We decided against the latkes (a special for the day) since there were 4 for $12 which seemed kind of ridiculous. I asked if we could get a half order but the waiter said it would still be the same price. (“Carey! Stop with your ridiculous obsession with fried potatoes and get some damn fish” says Jon). Then, I think the waiter felt bad for my latke-money woes and he gave us one for free! Wahoo! Victory!  On a side note, the waiter kept referring to the guy eating at the counter as “Counter Guy” which I thought was rather funny.  For example “Counter guy, you need anything?”


It was peppery in a good way and nice and warm. It totally would have been a rip-off to oder then but they were good…

Quick Bites at Saint’s Alp Tea House

February 2, 2008

If you need something fast in the East Village, Saint’s Alp Tea House has a crazy list of drinks and an array of dim sum. It’s fast, fried, and cheap, so it worked well for me:samosa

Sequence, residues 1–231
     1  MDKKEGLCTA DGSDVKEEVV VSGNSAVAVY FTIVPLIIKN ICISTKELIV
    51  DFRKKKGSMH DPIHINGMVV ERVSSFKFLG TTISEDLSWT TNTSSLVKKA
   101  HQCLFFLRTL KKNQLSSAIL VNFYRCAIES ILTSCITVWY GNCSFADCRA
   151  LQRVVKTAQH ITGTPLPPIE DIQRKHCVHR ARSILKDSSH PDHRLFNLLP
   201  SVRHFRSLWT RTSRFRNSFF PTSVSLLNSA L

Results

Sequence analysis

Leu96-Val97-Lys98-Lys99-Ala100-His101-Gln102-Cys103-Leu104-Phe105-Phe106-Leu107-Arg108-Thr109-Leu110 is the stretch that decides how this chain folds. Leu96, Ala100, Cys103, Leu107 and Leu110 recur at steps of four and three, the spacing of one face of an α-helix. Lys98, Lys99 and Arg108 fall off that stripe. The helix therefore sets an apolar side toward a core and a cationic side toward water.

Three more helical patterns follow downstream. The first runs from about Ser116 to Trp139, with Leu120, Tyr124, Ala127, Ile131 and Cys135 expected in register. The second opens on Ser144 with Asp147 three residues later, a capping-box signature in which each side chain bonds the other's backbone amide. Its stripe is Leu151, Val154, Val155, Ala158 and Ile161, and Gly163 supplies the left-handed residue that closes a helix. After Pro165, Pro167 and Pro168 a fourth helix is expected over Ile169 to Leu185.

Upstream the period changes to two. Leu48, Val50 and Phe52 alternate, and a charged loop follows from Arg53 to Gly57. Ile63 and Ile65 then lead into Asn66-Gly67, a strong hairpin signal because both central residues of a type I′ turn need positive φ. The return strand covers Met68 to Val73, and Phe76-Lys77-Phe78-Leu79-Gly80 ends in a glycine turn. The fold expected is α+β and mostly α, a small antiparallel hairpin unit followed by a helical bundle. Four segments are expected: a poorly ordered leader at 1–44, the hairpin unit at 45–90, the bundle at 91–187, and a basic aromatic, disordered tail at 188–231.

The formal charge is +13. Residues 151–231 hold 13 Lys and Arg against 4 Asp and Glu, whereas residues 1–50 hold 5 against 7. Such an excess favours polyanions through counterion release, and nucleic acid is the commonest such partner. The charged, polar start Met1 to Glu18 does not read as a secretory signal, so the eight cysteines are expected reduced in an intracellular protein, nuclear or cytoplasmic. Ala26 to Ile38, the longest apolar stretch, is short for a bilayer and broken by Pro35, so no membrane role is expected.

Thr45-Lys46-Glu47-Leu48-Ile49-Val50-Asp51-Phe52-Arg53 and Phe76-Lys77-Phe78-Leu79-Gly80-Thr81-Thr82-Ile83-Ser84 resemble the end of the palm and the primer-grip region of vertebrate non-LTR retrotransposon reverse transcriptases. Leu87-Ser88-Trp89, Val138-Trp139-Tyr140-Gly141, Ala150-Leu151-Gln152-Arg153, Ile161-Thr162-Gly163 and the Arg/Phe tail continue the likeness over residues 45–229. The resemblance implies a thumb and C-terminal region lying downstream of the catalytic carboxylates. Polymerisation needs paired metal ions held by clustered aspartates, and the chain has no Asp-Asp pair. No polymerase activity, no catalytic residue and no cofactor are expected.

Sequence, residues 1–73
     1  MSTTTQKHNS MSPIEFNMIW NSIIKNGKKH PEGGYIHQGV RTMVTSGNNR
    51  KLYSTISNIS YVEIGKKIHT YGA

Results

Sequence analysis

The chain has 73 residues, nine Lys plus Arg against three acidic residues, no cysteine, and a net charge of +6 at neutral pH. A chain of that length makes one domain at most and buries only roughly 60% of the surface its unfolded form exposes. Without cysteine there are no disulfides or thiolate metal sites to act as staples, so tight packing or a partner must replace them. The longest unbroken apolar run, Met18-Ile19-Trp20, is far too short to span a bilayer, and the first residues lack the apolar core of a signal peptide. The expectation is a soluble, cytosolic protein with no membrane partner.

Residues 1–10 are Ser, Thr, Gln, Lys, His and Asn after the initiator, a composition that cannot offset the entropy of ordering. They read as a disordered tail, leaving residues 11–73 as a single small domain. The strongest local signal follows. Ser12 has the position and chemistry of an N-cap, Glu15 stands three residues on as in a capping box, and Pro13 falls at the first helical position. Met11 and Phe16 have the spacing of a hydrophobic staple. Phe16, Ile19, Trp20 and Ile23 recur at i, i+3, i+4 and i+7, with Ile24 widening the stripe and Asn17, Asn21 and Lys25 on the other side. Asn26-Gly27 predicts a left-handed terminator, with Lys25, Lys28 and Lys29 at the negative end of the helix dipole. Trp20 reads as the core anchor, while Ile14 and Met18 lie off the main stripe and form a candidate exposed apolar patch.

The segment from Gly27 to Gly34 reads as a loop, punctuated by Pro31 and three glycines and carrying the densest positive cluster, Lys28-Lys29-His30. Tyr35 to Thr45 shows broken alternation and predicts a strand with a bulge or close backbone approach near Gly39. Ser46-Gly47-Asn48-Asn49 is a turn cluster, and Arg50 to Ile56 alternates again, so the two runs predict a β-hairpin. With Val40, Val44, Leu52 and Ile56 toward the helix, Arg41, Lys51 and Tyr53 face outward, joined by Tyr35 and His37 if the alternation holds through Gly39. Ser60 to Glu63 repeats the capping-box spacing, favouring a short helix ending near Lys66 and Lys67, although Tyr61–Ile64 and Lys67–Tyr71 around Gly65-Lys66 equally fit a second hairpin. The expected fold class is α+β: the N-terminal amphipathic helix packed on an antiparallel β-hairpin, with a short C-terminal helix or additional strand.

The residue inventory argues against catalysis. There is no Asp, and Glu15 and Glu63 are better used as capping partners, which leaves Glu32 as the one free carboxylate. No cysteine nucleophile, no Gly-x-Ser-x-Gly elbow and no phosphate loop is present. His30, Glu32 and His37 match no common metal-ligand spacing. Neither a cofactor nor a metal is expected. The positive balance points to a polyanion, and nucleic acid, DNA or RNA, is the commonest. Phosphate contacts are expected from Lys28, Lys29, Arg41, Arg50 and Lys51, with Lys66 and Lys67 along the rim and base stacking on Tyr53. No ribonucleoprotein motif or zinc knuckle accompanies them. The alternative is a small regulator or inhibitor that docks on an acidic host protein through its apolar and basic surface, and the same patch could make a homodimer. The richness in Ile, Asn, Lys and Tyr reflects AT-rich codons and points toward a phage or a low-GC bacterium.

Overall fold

Samosas. Okay, so the menu isn’t strictly Chinese. These were tasty with a kick of spice.

shrimp balls

Shrimp. In a fried ball. Doesn’t need a better description than that.

Also, see The Gourmet Cartographer for thoughts on the blueberry toast.

Mexican Fiesta (Or, Yes, You May Watch The Giants Game And Eat My Food)

January 22, 2008

This was fun, and thanks to the help of my lovely sous chefs, a success!   I have thus decided that Mexican food is a good genre to work with when feeding about 15 friends–the cooking is easy enough and the result is positive (seriously, who doesn’t like Mexican food!?)